Saturday, July 22, 2017

NEWS POST: Dutch Students Unveil Autobus Powered By Formic Acid Converted Into Electricity

World's first formic acid-fuelled bus
Ant power: Take a ride on a bus that runs on formic acid: Dutch students unveil the world's first system that converts formic acid into electricity, which is then used to power an autobus.



A group of students has developed a way of storing energy that could be cheaper to make, more practical and more sustainable than alternative renewable fuels.

They are young and clever, and they want to change the world - one bus at a time.

"We've created the world's first bus that runs on formic acid, which is a much cheaper solution than hydrogen, yet it delivers the same environmental benefits," says Lucas van Cappellen from Team Fast, a spin-off company from Eindhoven University of Technology in the Netherlands.

"We're building our own future."
Around 40 of his fellow students are endeavouring to develop emissions-free transport that will help in the global battle against climate change. And they're also trying to create careers for themselves.

Formic acid is found in nature, delivered in the stings and bites of ants and other insects - the Latin word for ant is formica.

And this simple carboxylic acid (chemical formula HCOOH) is already used in textiles and leather processing, as a livestock feed preservative, and is also found in some household limescale removers.

But Team Fast has found a way the acid can efficiently carry the ingredients needed for hydrogen fuel cells, used to power electric vehicles.

The fuel, which the team has dubbed hydrozine (not to be confused with hydrazine), is a liquid, which means you can transport it easily and refill vehicles quickly, as with conventional fuels.

The difference is that it is much cleaner.

"The tailpipe emissions are only CO2 and water," explains Mr van Cappellen. "No other harmful gases like nitric oxides, soot or sulphuric oxides are emitted."

To prove the concept in the real world, an electric bus is set to hit the road in the Netherlands later this year, where it will shuttle between running on conventional bus routes and appearing at promotional events and industry fairs.

The bus has an electric drive system, developed by bus builder VDL, that receives additional power from the formic acid fuel cell system mounted in a range-extender trailer, towed behind.

"Our tank is around 300 litres, so we will extend the range of the bus by 200km (180 miles). However, we could of course make the tank bigger very easily," says Mr van Cappellen.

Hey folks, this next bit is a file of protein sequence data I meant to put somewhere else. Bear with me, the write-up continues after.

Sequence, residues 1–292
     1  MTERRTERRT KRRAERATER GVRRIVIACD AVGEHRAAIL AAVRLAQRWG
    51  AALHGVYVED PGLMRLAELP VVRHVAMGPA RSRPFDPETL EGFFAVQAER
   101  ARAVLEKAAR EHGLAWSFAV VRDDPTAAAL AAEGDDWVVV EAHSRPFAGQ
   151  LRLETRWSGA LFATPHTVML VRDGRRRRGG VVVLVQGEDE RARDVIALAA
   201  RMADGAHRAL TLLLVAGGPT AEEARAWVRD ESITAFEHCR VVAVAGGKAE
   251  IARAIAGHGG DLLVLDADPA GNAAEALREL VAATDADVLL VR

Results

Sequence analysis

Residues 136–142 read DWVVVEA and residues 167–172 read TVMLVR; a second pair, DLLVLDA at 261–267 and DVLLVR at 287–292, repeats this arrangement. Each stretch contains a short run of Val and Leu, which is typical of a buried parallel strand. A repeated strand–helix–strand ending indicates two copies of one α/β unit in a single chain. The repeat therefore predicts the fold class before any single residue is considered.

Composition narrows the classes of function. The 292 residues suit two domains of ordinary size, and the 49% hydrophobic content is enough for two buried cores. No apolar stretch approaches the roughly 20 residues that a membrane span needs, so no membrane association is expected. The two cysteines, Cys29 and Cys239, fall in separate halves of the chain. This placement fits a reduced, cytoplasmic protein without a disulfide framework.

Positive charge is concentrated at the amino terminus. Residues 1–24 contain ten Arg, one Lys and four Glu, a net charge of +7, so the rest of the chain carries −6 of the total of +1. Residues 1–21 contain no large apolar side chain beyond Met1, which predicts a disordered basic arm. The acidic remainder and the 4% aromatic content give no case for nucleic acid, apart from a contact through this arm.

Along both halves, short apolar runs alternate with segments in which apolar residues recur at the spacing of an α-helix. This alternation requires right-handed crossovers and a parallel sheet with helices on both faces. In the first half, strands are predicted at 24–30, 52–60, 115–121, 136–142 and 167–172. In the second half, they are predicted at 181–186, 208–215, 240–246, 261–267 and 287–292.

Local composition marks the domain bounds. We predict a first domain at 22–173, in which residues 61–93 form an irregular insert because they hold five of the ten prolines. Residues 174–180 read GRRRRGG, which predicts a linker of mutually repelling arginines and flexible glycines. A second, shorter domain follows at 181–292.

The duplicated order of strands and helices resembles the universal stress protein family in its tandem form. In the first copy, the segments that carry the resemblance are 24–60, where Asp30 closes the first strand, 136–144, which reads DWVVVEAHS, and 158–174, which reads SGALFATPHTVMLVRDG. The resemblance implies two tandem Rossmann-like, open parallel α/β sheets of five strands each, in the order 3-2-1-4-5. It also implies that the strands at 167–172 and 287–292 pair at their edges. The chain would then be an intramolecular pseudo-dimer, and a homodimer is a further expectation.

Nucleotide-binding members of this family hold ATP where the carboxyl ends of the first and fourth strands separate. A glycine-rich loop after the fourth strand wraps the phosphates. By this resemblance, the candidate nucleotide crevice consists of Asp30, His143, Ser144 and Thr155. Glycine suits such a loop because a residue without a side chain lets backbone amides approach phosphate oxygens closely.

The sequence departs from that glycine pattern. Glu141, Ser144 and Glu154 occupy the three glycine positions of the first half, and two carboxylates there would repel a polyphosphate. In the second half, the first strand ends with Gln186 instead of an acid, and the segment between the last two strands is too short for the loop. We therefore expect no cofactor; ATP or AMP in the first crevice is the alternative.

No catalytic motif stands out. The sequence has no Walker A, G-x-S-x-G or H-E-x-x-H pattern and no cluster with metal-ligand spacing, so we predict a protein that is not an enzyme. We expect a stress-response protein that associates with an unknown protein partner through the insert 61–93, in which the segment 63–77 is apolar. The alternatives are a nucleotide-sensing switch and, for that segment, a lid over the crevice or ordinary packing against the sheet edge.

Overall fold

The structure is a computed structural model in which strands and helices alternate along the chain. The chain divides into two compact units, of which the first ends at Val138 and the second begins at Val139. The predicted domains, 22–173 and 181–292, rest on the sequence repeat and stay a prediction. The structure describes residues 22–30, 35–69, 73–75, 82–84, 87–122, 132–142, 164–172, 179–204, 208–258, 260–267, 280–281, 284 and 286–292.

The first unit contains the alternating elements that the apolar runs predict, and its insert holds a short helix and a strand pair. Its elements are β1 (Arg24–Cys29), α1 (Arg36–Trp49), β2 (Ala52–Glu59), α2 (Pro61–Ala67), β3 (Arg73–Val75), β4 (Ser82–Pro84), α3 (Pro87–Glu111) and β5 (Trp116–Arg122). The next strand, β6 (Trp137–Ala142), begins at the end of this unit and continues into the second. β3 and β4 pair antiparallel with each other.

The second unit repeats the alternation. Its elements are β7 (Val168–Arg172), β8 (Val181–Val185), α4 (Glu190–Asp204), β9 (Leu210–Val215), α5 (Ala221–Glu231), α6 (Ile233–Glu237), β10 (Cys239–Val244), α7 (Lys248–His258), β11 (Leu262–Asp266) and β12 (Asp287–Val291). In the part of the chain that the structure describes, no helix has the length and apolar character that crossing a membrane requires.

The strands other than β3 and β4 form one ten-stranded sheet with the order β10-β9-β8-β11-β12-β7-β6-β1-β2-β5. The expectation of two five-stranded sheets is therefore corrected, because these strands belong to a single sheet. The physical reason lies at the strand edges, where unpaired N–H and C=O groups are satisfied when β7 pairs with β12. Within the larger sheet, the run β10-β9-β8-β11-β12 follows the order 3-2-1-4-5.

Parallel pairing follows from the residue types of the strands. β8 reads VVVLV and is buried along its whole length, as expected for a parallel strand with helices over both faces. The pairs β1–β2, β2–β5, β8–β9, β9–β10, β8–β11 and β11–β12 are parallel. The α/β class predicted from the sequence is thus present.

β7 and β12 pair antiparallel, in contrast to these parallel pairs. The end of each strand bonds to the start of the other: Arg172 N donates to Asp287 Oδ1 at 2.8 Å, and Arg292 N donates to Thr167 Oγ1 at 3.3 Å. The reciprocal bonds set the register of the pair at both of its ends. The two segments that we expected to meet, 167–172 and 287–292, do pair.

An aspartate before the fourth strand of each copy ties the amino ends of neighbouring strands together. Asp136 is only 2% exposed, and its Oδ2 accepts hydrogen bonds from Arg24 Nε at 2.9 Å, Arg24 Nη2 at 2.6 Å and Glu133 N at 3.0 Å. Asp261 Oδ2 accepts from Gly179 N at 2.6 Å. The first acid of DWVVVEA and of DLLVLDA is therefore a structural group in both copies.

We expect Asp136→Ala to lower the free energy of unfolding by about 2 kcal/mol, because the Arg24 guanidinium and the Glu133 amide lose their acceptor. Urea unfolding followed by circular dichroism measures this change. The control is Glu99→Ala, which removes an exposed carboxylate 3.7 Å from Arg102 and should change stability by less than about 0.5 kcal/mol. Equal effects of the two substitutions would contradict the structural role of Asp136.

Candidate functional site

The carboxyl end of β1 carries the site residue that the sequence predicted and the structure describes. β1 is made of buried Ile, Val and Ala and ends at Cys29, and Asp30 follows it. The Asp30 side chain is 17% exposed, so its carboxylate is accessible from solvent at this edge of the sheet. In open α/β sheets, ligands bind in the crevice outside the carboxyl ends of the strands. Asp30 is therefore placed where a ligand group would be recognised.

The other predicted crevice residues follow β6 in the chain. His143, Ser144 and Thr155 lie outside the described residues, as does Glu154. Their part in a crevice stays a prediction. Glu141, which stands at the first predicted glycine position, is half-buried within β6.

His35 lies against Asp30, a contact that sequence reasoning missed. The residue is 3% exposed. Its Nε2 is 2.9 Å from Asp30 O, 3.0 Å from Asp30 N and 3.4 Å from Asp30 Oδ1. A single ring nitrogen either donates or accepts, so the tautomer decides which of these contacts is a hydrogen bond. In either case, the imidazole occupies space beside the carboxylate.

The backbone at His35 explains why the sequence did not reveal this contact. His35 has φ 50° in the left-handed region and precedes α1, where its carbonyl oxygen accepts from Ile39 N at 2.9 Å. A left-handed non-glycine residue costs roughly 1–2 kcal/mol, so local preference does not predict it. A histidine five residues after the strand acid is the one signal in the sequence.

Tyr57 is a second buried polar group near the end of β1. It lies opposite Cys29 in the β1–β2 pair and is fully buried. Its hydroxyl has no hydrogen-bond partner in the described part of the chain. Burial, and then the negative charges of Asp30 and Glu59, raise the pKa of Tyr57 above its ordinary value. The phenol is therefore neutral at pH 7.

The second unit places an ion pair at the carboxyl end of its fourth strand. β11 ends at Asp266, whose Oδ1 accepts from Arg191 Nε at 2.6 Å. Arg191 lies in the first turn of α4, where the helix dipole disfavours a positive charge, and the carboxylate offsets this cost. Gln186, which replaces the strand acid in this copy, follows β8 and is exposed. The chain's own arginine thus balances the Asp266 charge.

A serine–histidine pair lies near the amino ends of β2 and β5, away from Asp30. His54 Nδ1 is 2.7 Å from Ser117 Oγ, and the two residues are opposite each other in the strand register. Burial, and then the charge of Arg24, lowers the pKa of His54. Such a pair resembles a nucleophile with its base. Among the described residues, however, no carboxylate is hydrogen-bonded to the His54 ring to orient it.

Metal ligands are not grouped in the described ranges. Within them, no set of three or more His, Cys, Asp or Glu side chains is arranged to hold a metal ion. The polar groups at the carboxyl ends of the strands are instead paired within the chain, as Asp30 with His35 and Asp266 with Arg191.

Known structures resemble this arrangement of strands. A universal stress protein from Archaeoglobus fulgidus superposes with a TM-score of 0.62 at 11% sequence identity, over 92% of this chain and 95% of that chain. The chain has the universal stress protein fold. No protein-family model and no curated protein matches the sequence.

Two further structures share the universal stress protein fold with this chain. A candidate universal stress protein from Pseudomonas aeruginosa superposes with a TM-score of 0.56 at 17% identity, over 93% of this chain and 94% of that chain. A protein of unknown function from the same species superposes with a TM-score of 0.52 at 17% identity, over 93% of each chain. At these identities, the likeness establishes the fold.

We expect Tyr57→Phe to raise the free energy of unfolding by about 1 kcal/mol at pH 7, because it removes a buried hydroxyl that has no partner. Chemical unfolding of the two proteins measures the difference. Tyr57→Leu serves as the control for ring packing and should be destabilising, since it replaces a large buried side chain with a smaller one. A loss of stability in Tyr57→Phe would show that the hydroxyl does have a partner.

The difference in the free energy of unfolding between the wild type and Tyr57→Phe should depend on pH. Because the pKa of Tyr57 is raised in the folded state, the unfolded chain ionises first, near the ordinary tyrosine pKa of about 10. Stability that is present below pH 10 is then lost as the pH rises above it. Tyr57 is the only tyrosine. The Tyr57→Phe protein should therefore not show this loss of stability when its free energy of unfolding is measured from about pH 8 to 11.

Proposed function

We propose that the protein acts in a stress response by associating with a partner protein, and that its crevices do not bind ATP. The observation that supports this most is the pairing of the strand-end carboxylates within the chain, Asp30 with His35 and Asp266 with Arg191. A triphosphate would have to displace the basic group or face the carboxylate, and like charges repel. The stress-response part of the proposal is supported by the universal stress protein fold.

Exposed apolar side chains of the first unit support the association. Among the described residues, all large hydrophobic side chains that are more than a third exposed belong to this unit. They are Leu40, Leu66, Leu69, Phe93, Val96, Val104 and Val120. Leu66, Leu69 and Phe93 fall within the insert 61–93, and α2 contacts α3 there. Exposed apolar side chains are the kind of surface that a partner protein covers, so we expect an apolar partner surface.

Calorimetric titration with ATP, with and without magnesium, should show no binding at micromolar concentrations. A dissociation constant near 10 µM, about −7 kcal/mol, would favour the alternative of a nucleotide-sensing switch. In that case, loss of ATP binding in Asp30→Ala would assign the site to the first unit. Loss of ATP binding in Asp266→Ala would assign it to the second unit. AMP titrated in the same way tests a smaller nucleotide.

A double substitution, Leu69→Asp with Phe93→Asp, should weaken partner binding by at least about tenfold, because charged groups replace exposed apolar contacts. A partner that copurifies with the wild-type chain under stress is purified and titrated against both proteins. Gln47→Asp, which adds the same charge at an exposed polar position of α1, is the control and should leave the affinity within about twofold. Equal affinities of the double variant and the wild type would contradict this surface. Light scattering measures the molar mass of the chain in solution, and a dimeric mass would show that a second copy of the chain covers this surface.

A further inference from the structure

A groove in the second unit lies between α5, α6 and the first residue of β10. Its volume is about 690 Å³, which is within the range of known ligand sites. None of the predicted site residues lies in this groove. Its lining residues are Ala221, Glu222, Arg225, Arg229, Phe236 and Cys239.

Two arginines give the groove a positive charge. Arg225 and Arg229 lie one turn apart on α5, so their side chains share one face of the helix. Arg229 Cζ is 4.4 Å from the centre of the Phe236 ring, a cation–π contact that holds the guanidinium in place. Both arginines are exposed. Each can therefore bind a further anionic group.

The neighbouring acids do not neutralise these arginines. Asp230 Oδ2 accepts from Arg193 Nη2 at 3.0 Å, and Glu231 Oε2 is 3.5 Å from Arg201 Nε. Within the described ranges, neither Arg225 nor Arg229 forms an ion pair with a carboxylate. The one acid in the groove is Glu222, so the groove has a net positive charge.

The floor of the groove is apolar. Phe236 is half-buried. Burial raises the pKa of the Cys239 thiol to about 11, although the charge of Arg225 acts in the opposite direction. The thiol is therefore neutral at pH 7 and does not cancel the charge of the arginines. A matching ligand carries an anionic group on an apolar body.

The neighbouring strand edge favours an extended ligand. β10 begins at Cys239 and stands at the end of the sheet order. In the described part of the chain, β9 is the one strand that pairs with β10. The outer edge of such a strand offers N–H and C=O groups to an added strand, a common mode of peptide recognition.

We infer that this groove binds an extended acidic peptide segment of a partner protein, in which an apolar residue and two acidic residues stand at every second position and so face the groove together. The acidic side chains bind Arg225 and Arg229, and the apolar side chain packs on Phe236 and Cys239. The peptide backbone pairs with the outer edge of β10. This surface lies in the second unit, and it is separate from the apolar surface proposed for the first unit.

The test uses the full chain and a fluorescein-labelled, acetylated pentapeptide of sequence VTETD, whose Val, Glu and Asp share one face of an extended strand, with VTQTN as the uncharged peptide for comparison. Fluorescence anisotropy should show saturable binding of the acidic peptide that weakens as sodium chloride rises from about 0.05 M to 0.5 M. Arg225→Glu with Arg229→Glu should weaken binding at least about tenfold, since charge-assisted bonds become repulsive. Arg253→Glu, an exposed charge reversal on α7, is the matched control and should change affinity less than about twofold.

Current hydrogen fuel cell buses have a range of up to 400km.


But why develop a bus rather than a car?
"If we built a car, we would compete with electric cars, but we believe battery-powered cars are a good solution for a lot of people," says Mr van Cappellen.

"But if we prove that we can build a bus that meets the needs of bus companies, with a range of around 400km and quick refuelling, we will have shown the potential of hydrozine in a segment where there is no sustainable competition yet."

Hydrozine is created through a chemical reaction between water (H2O) and carbon dioxide (CO2).

"In a reactor, water and CO2 are bonded using sustainable electricity. This is a direct, sustainable electrochemical process," explains Mr van Cappellen.

The hydrozine is then broken down by a catalyst into hydrogen and carbon dioxide inside a piece of kit called a reformer that Team Fast is attempting to patent.

Its newly designed reformer is a tenth of the size of reformers of the past, which is why "it is now applicable in transport applications for the first time".

The hydrogen is then added to a fuel cell where it reacts with oxygen to generate the electricity that powers the electric motor.

"We are continuously looking for new technologies that can extend the range of zero emissions traffic in a simple way," says Menno Kleingeld, managing director, VDL


The hydrozine-filled trailer will attach to the back of the bus TEAM FAST
Enabling transport solutions
"The decomposition of formic acid into hydrogen gas is one of these new, promising technologies."

But does it really stand a chance of becoming commercially viable?

"It costs about 35,000 (£30,000) to convert a conventional petrol filling station to a hydrozine filling station, a process that essentially involves replacing the pipes and coating the tanks," says Mr van Cappellen.

As such, it is "100 times cheaper" to roll out a fuelling network for hydrozine than for gaseous hydrogen, he maintains.

"Hydrozine is currently cheaper than petrol and more expensive than diesel in the Netherlands, and in future we expect prices to come down so it will be cheaper than both," he adds.


Some types of ant squirt formic acid as a defence mechanism GETTY IMAGES